The paper demonstrates how the findings of a series of model tests and diffraction calculations, performed to determine the motion behavior of a new semi-submersible design were used to influence the final design. From the model tests at different drafts, wave headings and current speeds it was observed that a semi could take on a steady list angle in regular head waves. It was observed that this steady list angle increases for smaller vessel drafts and higher current speeds. This mean list angle appeared to be induced by shallow water wave effects on top of the pontoons and resulting set-down. Increasing the stability of the semi by changing the vertical centre of gravity reduced the steady list angle, and in some cases removed the list completely. As a result the design of the stability columns was changed to provide a substantial increase in initial stability at both operating and survival drafts. The model test results were confirmed by a diffraction analysis that also provided a good assessment of the forces causing the steady list angle.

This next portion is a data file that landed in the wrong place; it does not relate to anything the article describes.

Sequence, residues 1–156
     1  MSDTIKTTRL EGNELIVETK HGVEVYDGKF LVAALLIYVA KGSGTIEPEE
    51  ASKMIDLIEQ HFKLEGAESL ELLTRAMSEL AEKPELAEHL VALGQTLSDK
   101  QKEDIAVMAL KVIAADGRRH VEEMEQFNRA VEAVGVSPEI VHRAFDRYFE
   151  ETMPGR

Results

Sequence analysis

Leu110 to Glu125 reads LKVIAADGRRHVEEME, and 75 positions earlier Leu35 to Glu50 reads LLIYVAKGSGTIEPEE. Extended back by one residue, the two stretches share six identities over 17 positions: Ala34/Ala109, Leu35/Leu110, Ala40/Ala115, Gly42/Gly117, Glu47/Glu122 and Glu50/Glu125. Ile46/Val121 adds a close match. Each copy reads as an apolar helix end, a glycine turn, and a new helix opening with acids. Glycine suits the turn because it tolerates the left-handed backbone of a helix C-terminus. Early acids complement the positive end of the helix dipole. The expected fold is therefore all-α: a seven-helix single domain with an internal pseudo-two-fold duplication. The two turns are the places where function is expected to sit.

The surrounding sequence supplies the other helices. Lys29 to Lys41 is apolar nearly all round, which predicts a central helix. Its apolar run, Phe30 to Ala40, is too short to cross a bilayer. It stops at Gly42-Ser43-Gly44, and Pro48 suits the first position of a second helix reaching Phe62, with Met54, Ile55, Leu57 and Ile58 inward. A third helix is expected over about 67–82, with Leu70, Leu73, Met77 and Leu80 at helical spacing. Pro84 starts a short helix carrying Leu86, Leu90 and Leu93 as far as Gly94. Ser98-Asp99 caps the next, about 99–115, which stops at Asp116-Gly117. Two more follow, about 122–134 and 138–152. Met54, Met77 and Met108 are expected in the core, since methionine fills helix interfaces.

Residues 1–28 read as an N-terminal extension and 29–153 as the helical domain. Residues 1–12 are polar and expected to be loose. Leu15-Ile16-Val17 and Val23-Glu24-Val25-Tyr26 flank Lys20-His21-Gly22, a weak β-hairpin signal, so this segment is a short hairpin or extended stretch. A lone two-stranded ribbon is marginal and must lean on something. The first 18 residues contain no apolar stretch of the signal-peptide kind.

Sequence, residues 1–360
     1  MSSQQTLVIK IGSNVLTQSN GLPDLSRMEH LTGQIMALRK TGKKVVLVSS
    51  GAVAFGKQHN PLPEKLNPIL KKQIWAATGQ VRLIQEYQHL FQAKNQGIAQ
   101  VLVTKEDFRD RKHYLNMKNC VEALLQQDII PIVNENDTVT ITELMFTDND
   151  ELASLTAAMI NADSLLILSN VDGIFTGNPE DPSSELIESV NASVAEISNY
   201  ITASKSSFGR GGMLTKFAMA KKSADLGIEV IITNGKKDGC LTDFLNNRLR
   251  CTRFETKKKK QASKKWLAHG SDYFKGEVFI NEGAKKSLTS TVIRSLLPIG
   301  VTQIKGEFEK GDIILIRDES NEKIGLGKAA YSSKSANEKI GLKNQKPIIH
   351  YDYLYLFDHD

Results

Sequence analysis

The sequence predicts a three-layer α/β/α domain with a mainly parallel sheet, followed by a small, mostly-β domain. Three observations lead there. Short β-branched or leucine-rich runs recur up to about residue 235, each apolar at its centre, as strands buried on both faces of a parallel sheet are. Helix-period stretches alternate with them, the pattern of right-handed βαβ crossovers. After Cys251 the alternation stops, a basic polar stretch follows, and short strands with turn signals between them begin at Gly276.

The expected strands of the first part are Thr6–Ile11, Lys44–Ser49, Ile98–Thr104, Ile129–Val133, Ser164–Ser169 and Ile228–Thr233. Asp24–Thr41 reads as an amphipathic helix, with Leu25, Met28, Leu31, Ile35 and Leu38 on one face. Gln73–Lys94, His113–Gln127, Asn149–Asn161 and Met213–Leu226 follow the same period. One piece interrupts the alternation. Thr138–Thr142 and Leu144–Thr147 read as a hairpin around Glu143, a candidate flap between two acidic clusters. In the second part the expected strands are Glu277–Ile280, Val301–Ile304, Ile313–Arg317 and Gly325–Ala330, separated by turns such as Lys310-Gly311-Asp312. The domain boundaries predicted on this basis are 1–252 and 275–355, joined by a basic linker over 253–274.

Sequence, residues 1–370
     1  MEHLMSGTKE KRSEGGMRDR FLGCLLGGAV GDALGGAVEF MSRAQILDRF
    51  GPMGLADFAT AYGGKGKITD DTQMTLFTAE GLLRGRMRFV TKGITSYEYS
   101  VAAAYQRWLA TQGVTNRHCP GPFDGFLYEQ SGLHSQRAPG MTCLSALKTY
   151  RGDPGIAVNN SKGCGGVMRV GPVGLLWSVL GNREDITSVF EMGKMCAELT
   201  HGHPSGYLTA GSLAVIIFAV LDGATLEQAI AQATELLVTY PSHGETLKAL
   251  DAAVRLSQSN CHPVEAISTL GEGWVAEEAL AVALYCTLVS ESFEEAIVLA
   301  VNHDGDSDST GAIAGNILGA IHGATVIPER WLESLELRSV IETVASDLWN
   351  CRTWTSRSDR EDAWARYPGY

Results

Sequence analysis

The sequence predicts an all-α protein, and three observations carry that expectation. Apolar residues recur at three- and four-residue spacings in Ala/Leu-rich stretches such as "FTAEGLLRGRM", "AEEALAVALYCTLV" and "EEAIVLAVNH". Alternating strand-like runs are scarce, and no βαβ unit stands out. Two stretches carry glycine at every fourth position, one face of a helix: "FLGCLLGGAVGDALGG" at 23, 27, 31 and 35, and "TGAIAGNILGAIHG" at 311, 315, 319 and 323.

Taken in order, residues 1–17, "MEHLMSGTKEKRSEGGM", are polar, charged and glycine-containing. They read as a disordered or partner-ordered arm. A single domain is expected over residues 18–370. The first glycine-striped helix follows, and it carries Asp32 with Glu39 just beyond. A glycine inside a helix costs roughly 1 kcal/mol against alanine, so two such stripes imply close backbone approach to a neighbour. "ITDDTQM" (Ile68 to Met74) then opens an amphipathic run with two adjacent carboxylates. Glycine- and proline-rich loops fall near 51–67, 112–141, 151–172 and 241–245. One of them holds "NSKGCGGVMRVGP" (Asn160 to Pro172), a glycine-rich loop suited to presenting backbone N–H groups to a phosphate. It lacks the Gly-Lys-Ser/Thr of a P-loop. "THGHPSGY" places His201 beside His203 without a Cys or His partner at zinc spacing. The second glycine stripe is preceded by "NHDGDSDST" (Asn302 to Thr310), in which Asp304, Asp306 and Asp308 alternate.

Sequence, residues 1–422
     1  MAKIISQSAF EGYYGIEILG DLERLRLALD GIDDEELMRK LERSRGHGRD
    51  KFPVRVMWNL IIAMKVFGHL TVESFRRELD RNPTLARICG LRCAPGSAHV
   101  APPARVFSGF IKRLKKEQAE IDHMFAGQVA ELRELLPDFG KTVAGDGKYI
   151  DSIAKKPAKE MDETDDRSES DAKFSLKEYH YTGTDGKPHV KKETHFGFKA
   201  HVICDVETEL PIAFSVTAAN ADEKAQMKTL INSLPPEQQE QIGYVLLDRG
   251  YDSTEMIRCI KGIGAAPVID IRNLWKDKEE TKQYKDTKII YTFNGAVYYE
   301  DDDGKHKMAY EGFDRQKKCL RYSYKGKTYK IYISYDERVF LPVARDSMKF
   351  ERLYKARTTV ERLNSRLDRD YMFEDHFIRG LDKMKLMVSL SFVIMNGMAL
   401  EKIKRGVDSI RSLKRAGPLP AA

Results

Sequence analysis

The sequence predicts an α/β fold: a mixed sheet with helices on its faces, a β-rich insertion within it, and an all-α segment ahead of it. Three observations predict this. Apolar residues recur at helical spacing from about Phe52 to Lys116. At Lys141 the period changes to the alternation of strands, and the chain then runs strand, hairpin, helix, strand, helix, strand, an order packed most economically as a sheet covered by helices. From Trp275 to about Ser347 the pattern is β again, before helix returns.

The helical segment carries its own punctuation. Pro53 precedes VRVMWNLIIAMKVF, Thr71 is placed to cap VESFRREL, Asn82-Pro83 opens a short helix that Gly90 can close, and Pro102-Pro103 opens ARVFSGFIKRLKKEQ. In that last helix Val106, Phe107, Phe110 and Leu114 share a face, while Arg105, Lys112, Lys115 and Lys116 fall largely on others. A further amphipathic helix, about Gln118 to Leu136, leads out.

The majority of today's deep-water developments are located in the Gulf of Mexico, Brazil, and West Africa. These are all areas with moderate environments characterized by much lower wave heights than are found in areas subject to harsh environments such as the North Sea and Eastern Canada. A semi-submersible designed specifically to operate only in moderate environments will have acceptable motion characteristics even if the height of its stability columns is less than the column height of a rig designed to maintain sufficient air gap in storm waves and to have acceptable motion characteristics in larger operating waves. The capital cost of such a moderate environment semi-submersible will be substantially less than the cost of its harsh environment cousin.